The Pros and Cons of Realism in MMOs

By Jeff Francis
Pros and cons of realism in mmos

One of the reasons why I love to play mmorpg games is that they're an escape from real life. My normal life is rather unexciting as I do work, pay bills, and shop for the cheapest groceries possible. I don't strap a sword to my side and go questing to find forgotten tombs and plunder them for untold riches. The closest I get to flying a spaceship through massive space battles is when I look up at the stars when I get back from shopping at Wal-Mart at 3am. It's been interesting to notice a recent trend in online gaming to focus on realism. It seems that developers want to make the virtual world as realistic as possible all the way down to the most mundane of tasks. Personally, I think that this is a double-edged sword. Let me explain both the pros and cons of realism in mmos.

Survive the Nights crafting

Let's begin with the most basic good aspect of the mmo realism pros and cons. I'm talking about recreating an experience in painstakingly accurate detail that perhaps we wouldn't want to really experience in the real world. Survival-themed games have exploded over the last few years, and I can understand the attraction. Figuring out how to survive a harsh environment can be as rewarding as taking down a major dungeon boss. A player can put their ingenuity to the test in these games, especially ones that merge zombies with realistic survival techniques, such as Survive the Nights and H1Z1. Half the fun of these types of games is beating the odds of starting off cold, alone, and starving.

Another mmo realism pro is that of immersion. The more realistic an mmorpg can be, the more the player is immersed in the game. We all know that snow is cold and that deserts are blistering hot during the day, so having those conditions reflected in the game transport our minds into that situation. It breaks the mood when your hero is climbing towards the icy peaks of a mountain and sees some other players cavorting around in their underwear with no penalties for doing so. Realism in mmos can also ratchet up the tension. You may love to scavenge items in online games, but if your character is starving to death, then looking for gold or really cool gear takes a huge backseat to finding something edible to put in your belly. Seeing your health bar dropping when you run out of food, water, or air can really help motivate you to figuring out what to do in order to survive.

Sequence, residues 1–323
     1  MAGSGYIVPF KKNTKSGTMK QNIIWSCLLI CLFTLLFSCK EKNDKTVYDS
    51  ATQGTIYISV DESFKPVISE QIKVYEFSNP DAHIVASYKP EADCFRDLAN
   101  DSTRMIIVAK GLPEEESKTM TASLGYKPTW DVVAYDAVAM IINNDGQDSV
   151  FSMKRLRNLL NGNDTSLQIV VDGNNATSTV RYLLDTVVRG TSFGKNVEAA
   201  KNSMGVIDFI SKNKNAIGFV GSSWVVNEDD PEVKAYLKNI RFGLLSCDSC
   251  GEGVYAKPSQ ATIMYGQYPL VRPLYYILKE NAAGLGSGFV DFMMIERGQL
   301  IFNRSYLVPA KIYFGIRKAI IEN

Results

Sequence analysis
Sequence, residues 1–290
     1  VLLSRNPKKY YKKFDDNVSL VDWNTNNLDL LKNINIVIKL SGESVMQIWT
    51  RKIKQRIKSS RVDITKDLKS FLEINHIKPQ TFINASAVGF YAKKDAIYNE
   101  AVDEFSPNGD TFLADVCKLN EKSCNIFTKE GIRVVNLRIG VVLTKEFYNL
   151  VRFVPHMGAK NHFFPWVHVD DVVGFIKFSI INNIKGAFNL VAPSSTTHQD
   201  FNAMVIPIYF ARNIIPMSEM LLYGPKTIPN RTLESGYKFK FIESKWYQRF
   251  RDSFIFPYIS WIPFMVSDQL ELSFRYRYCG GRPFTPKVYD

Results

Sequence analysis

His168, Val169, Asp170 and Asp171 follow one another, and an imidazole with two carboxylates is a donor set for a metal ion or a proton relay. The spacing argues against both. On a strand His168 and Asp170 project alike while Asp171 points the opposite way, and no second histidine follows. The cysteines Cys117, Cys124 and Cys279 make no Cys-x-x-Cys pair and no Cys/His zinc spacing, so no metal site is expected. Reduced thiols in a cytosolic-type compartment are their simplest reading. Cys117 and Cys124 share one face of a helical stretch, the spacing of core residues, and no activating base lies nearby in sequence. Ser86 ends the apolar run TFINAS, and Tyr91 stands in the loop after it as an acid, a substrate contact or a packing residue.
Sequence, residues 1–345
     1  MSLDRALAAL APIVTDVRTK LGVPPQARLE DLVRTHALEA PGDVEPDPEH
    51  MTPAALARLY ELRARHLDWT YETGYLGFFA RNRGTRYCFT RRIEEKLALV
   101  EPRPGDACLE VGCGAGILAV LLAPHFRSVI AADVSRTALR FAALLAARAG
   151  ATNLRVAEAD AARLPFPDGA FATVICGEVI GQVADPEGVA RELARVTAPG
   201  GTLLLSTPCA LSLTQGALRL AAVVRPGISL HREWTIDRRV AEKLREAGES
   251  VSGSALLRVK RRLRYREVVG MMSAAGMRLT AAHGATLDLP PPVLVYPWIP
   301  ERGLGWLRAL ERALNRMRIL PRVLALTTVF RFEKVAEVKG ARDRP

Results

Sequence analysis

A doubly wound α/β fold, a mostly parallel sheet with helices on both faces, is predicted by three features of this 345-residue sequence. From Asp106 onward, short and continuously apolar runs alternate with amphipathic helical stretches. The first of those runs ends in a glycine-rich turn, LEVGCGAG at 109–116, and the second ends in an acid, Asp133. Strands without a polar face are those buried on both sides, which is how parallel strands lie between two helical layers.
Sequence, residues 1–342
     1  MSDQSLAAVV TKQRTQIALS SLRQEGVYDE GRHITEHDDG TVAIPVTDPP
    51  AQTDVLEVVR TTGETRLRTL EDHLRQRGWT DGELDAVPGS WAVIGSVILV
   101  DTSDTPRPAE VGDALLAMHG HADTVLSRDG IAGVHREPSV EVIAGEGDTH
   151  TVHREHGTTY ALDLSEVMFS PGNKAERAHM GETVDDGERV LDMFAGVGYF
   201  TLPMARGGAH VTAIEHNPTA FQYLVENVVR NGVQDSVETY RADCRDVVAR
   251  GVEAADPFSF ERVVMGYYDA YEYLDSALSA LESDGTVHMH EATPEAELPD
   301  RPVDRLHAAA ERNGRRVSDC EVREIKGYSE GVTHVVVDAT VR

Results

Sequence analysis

However, there are some cons to mmo realism. The first is that the game can be too realistic where every minute task needs to be done in real time. For me, this kind of defeats the purpose of gaming. I don't mind cutting down trees to make logs for a home, but if I had to spend twenty minutes or more chopping down a tree, I would go mad with boredom. Even though it wasn't realistic, I hated fishing in World of Warcraft because you had to sit there and click on the lure when a fish bit. Just sitting there to do menial tasks isn't suitably heroic. While I want realism in survival-type games, I want that time compressed to make the game playable.

Guild Wars 2 tree chopping

Another negative for mmo realism is that it can lead developers to lose sight of the big picture. When you spend countless hours worrying about the best approach to weave cloth in a game, you might lose focus on other items, such as lore or combat. The setting of an online game is a big deal for me, and I want reasons why my character is doing something within the game. I don't mind doing the small things as long as those items impact the big things happening in the game. If I wanted to play a medieval loom weaver simulation, I would play that and not an mmo. The tasks that I do in the game have to have meaning in the larger context. My development in a zone within a game should lead to having the game send NPCs to settle nearby or perhaps having monsters that live in the area attack me as I'm using up their resources. What I do in the game should matter as part of a grand narrative, but a lot of ultra-realistic games tend to focus on the intricacy of small things instead. Having detailed mining and smiting proficiencies is great but force me to deal with the orc tribe living in the area, either through trade or outright conquest, to build a mine and start harvesting rather than just walk in and easily set up shop.

Overall, it's a matter of personal choice when it comes to mmo realism. I want enough to ground me in the game's virtual world, and it's also fun to try to experience something I have no plans doing in real life. I don't know about you, but I'm not about to start building a settlement with my two hands on top of a mountain range. On the other hand, too much realism in mmo games can distract developers from fully building the larger framework that all that realism has to fit into. There's also the notion of playability. The game has to be playable by gamers who don't chop down trees or build guns from scratch for a living. The mechanics have to be easily understood and accomplished within a reasonable time period. For me, I enjoy realism as long as it fits within the game and I'm having fun.

Jan252015

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